On the subject of things to eat, I have made some muesli.

I wrote about my muesli and yoghurt breakfast on Day 13 of Blogtober and Ingeborg was kind enough to leave me a comment telling me how to make muesli for myself with her recipe.  It was very timely as I was down to the dust in the bottom of the box so I had a rootle through the cupboards to see if we had everything that I would need.  This is when you realise how handy it is living with a mostly-vegan big daughter and there would be a few replacement ingredients but all I had to buy was apple sauce!

Although the recipe is in the Blogtober post comments so you could look it up there, I wanted to check with Ingeborg that she didn’t mind if I shared it here.  She told me that her version is an adaptation of an original recipe by Sieglinde Fischer from Noton Keramik which includes chocolate and hazelnuts so you might want to try that one out too!  That recipe is here.

 

Ingeborg’s Muesli

250 g oats + another 100 g to spread on the muesli during baking
150 g almonds, chopped
150 g walnuts, chopped
150 g cashews or other nuts, chopped
60 g linseeds
50 g muscovado sugar, or even less
Mix all dry ingredients, but leave out the extra 100 g oats.

180 g apple sauce, unsweetened
1 tbsp olive oil
50 g “runny” honey or maple syrup
1 pinch of salt

Mix the “wet” ingredients + salt until smooth and then pour into the dry mixture. Stir everything well until no dry spots are left.
Spread evenly on a large baking tray, it should have a flat, dense surface.

Bake for 20 minutes at ca. 160 C, stir & turn the mixture upside down, then sprinkle the additional 100 g oats on top.  Roast again for another 20 minutes. (If you like it even more roasted, stir again and leave it in the oven for another 10-20 minutes.)

 

It’s super-easy, isn’t it?  I don’t know why I had never thought of making my own muesli before!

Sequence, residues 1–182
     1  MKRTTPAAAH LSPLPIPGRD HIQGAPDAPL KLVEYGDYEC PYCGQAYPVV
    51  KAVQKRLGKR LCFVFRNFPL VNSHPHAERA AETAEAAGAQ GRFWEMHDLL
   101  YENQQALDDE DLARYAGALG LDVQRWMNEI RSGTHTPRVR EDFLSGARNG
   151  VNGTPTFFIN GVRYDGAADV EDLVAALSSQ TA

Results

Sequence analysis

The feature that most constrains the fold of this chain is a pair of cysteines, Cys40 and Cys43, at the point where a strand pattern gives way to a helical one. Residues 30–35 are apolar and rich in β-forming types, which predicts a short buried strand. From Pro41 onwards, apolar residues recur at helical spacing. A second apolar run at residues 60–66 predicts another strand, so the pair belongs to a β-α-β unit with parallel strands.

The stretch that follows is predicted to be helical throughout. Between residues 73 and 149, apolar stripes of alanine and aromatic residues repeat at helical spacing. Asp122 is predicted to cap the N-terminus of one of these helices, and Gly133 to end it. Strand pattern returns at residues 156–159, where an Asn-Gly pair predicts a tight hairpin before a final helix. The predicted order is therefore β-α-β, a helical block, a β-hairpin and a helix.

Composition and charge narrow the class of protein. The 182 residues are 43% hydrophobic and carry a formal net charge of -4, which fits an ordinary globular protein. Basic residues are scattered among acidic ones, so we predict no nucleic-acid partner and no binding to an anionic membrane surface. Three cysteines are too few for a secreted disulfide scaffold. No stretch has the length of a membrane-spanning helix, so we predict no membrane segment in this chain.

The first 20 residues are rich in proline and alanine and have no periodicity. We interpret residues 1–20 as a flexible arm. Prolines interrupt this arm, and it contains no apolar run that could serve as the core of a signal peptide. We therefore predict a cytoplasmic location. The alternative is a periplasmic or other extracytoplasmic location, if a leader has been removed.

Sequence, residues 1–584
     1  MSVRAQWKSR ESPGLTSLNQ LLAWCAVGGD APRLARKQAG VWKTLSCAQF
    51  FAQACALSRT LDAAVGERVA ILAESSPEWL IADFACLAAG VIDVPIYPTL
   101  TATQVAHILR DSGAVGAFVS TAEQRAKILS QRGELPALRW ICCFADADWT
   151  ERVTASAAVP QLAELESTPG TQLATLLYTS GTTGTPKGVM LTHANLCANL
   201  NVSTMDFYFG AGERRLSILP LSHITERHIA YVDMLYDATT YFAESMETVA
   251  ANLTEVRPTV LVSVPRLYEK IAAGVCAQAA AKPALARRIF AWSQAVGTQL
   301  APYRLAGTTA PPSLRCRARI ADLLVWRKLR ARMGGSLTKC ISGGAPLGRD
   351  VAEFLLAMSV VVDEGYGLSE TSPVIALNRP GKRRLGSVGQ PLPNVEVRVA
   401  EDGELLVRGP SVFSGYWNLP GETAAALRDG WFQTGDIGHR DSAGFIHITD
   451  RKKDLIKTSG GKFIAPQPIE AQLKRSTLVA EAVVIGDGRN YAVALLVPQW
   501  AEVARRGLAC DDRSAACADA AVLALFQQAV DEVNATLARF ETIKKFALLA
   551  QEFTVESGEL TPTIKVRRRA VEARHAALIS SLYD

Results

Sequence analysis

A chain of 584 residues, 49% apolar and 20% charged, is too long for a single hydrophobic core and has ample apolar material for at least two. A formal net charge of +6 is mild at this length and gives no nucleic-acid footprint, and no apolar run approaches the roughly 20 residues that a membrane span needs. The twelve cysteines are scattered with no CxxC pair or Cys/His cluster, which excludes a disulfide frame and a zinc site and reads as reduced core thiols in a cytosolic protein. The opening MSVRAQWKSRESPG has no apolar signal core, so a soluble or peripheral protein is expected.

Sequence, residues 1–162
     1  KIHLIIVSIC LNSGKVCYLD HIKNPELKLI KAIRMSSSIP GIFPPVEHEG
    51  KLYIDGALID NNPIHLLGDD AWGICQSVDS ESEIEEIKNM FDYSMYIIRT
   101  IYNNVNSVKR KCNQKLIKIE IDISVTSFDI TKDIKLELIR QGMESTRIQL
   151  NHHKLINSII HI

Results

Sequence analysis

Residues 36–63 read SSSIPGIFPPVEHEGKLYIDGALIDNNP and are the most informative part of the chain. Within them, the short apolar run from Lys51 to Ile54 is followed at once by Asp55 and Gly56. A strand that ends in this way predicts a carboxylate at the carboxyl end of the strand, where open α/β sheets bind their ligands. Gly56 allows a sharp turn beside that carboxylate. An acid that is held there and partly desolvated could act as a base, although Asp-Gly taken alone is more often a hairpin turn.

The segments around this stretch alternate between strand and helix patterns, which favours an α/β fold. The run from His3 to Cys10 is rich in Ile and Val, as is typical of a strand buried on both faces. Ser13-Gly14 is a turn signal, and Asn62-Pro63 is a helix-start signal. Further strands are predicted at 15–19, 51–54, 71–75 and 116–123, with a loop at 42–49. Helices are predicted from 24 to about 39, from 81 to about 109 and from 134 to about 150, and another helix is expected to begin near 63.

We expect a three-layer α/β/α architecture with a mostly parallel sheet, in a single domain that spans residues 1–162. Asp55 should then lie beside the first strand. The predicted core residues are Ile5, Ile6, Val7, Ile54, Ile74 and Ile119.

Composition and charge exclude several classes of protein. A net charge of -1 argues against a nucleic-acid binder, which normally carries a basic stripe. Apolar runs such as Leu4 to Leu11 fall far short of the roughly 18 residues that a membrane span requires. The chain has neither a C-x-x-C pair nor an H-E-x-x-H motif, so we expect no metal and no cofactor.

I chopped the walnuts and almonds – I did try using big daughter’s super duper blitzy blender device but it pulverised everything within seconds so I decided to rescue what I could and chop it myself.  I am not a huge fan of nuts but I do eat them in my muesli and I actually quite like the big pieces.  If my Mum could only see me now after years of my picking nuts out of things! 🤣

I swapped the cashew nuts and linseeds in the recipe for pumpkin seeds, sultanas and pine nuts and mixed it all together.  So far so good!

A glass mixing bowl containing porridge oats, walnuts, almonds and pumpkin seeds. There is a wooden spoon in the bowl to stir the ingredients.

I buy our honey from the local farm shop where they keep bees as well as hens and ducks (our ducks have stopped laying eggs now, they must have decided that they’re on their Winter rest) and sell all kinds of fresh fruit and veg.  It’s where I buy our smokeless coal as well – they’ve got everything we need!

Christine is holding a jar of honey with "Warrington Honey" written on the label. In the background is a yellow dessert bowl, the glass bowl of nuts and seeds and a wooden spoon on the worktop.

Once the honey and apple sauce was mixed in (I forgot the oil!), it looked like this.  It was all sticking together at this point but I kept stirring to make sure that there was nothing dry in the bowl.  I couldn’t get unsweetened apple sauce so I decided to miss out the sugar as I figured that there would probably be enough sugar in the sauce that I had.

A glass bowl containing the muesli mixture, now a bit more clumpy as the apple sauce and honey have made everything stick together.